Sophie Wells (Para-equestrian)
One of the stalwarts of the British equestrian team since she made her debut in 2009, the 31-year-old goes to Tokyo aiming to add to her medal tally. The Lincolnshire rider was born with amniotic band syndrome, a condition that left her with missing fingers and nerve damage to her legs.
She started dressage aged eight and impressed both in Para and non-disabled competitions, becoming the first Para-rider to compete on a non-disabled championship team at the Young Rider Europeans in 2010 and 2011.
On her Paralympic debut in London, she claimed team gold and individual and freestyle silvers before another team gold plus individual gold and freestyle silver in Rio.
Wells experienced a set-back in mid-August when her horse C Fatal Attraction, known as Jorge, with whom she has enjoyed European and world success, was ruled out of Tokyo, but she has also been working with her reserve horse Don Cara M, known as Don, since early 2020.
Wells has also been coaching and mentoring young riders and she will be joined on the GB team by one of her proteges, Georgia Wilson, who came in as a late replacement for Sophie Christiansen.
Grade V individual test: Thursday, 26 August; Team test to music: Saturday, 28 August; Grade V freestyle test: Monday, 30 August
Libby Clegg (Para-athletics)
A double gold medal winner in Rio with guide Chris Clarke in the T11 100m and 200m, Clegg has been open about her subsequent mental health struggles, which left her feeling “empty and numb”.
She skipped the 2017 World Championships in London and her progress was also hampered by injuries to herself and her guides.
But she gave birth to son Edward in April 2019 and showed a different side to her character with her appearance on the ITV show Dancing On Ice last year, where she and partner Mark Hanretty finished in third place.
Tokyo will once again be a family affair for Clegg, with younger brother Stephen in with a good a medal chance in the swimming while her partner Dan Powell will be competing in the judo.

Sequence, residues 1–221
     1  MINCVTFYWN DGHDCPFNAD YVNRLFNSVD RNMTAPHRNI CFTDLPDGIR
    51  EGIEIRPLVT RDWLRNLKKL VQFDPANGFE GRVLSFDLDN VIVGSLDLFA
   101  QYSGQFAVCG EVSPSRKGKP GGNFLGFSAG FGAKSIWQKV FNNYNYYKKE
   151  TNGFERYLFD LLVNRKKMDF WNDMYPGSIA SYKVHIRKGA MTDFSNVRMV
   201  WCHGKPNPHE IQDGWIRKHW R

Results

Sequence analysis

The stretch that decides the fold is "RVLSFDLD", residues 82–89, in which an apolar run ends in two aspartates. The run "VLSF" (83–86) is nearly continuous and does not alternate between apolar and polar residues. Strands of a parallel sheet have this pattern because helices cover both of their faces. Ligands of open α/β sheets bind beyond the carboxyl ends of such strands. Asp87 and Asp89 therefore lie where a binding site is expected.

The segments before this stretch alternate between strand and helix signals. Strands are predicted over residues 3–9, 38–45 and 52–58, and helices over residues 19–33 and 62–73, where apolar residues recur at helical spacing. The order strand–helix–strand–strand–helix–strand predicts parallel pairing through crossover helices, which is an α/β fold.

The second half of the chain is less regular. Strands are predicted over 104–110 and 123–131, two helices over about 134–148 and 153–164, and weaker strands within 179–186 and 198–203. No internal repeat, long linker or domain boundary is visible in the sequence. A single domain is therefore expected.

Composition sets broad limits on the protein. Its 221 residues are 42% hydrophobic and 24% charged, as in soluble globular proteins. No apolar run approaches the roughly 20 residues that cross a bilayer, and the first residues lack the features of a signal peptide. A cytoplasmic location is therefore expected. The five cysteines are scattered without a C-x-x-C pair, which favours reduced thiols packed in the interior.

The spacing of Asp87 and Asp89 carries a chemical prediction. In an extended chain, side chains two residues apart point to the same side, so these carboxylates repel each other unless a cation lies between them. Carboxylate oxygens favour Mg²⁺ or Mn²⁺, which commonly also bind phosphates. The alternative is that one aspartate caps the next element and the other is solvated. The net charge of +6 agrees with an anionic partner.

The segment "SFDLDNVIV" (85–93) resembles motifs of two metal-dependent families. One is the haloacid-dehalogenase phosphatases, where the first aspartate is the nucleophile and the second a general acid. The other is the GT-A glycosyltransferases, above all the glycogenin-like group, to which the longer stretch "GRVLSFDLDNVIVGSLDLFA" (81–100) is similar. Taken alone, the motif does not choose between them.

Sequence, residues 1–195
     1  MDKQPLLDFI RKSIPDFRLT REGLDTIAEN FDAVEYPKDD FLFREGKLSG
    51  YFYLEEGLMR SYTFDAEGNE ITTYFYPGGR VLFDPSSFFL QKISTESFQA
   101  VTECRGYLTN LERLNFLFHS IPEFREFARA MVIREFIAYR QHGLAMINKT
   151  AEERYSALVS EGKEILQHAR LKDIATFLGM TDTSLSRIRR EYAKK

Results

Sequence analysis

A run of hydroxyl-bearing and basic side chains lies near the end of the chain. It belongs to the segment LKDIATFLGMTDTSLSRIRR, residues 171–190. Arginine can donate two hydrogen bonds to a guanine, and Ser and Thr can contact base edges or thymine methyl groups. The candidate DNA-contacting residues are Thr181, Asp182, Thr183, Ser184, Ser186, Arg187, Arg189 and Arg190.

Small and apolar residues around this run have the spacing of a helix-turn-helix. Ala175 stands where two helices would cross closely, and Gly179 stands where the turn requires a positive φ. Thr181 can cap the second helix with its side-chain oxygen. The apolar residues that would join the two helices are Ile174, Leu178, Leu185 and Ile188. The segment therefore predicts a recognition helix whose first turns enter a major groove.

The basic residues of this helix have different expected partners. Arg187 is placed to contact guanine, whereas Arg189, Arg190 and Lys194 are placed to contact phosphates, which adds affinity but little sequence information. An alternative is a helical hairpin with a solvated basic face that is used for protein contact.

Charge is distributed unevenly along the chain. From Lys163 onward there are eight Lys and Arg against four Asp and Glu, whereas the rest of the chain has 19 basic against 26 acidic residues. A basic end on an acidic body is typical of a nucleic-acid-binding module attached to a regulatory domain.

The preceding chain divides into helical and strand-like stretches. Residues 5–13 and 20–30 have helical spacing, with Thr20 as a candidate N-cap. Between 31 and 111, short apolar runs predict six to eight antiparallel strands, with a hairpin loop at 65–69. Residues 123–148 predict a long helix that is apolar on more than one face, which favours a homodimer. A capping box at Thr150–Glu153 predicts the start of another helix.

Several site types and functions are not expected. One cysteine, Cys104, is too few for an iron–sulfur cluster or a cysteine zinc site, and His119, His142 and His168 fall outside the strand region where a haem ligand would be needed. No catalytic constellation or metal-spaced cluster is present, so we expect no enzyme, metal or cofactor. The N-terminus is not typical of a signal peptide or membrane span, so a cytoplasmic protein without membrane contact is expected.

T12 200m: Heats – Thursday, 2 September; semi-final – Friday, 3 September; Final – Saturday, 4 September
Beth Munro (Para-taekwondo)
The 28-year-old from Liverpool describes her Paralympic journey as “surreal”.
Born missing her left hand, netball was her sport until she was spotted at a disability sport event in 2019 and asked whether she wanted to try javelin and taekwondo, with Paris 2024 the aim.
The latter is where she found where her talent lay and she moved to the GB training centre in Manchester earlier this year.
Her first international bout had high stakes – a place at the Paralympics – but she claimed an emphatic win over Italy’s Sara Enea to book her place at the Games.
Training alongside team-mates Amy Truesdale and Matt Bush in Manchester has helped Munro raise her game. She will certainly be among the least experienced competitors in her event in Tokyo – but she will be hoping to cause a shock.
K44 -58kg: Friday, 3 September
Thomas Young (Para-athletics)
While sport, and athletics in particular, have always been part of Young’s life, he only discovered he was eligible for Para-sport when he was 17.
The 21-year-old from Croydon was diagnosed aged 12 with neurofibromatosis type 1 – a genetic condition that causes tumours, usually non-cancerous, to grow along nerves and in Young’s case, affect his balance and coordination.
He made a big impact on his GB debut at the 2018 Para-athletics European Championships in Berlin, winning gold in both the T38 100m and 200m – something he described as “an amazing feeling”.
Now based in Loughborough and part of a talented sprint group under the tutelage of Joe McDonnell, Young, who is a keen Fulham fan, took silver in the 100m at the 2019 World Championships, edged out by the narrowest of margins by China’s Dening Zhu.
His 2021 season so far has seen him retain his European title in June, just missing out on his personal best, but there is hopefully more to come in Tokyo.
T38 100m: Heats and final – Saturday, 28 August